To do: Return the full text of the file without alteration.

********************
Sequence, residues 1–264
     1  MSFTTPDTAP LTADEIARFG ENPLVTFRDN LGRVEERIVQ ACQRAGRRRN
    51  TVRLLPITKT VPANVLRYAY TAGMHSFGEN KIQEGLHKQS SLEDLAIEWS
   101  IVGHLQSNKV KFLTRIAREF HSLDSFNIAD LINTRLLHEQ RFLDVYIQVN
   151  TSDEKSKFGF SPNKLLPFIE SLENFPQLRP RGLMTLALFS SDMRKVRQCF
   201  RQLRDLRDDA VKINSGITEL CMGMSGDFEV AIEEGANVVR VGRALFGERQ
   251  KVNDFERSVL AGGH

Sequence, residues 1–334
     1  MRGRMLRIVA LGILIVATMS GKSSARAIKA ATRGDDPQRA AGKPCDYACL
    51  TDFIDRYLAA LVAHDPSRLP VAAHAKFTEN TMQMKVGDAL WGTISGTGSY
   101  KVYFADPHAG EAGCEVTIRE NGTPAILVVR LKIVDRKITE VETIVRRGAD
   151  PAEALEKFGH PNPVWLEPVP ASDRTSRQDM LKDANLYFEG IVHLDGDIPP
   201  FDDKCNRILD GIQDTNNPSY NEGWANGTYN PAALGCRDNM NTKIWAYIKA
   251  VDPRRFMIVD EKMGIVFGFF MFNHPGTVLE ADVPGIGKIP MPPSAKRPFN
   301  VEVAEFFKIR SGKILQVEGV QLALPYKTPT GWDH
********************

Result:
Sequence, residues 1–264
     1  MSFTTPDTAP LTADEIARFG ENPLVTFRDN LGRVEERIVQ ACQRAGRRRN
    51  TVRLLPITKT VPANVLRYAY TAGMHSFGEN KIQEGLHKQS SLEDLAIEWS
   101  IVGHLQSNKV KFLTRIAREF HSLDSFNIAD LINTRLLHEQ RFLDVYIQVN
   151  TSDEKSKFGF SPNKLLPFIE SLENFPQLRP RGLMTLALFS SDMRKVRQCF
   201  RQLRDLRDDA VKINSGITEL CMGMSGDFEV AIEEGANVVR VGRALFGERQ
   251  KVNDFERSVL AGGH

Sequence, residues 1–334
     1  MRGRMLRIVA LGILIVATMS GKSSARAIKA ATRGDDPQRA AGKPCDYACL
    51  TDFIDRYLAA LVAHDPSRLP VAAHAKFTEN TMQMKVGDAL WGTISGTGSY
   101  KVYFADPHAG EAGCEVTIRE NGTPAILVVR LKIVDRKITE VETIVRRGAD
   151  PAEALEKFGH PNPVWLEPVP ASDRTSRQDM LKDANLYFEG IVHLDGDIPP
   201  FDDKCNRILD GIQDTNNPSY NEGWANGTYN PAALGCRDNM NTKIWAYIKA
   251  VDPRRFMIVD EKMGIVFGFF MFNHPGTVLE ADVPGIGKIP MPPSAKRPFN
   301  VEVAEFFKIR SGKILQVEGV QLALPYKTPT GWDH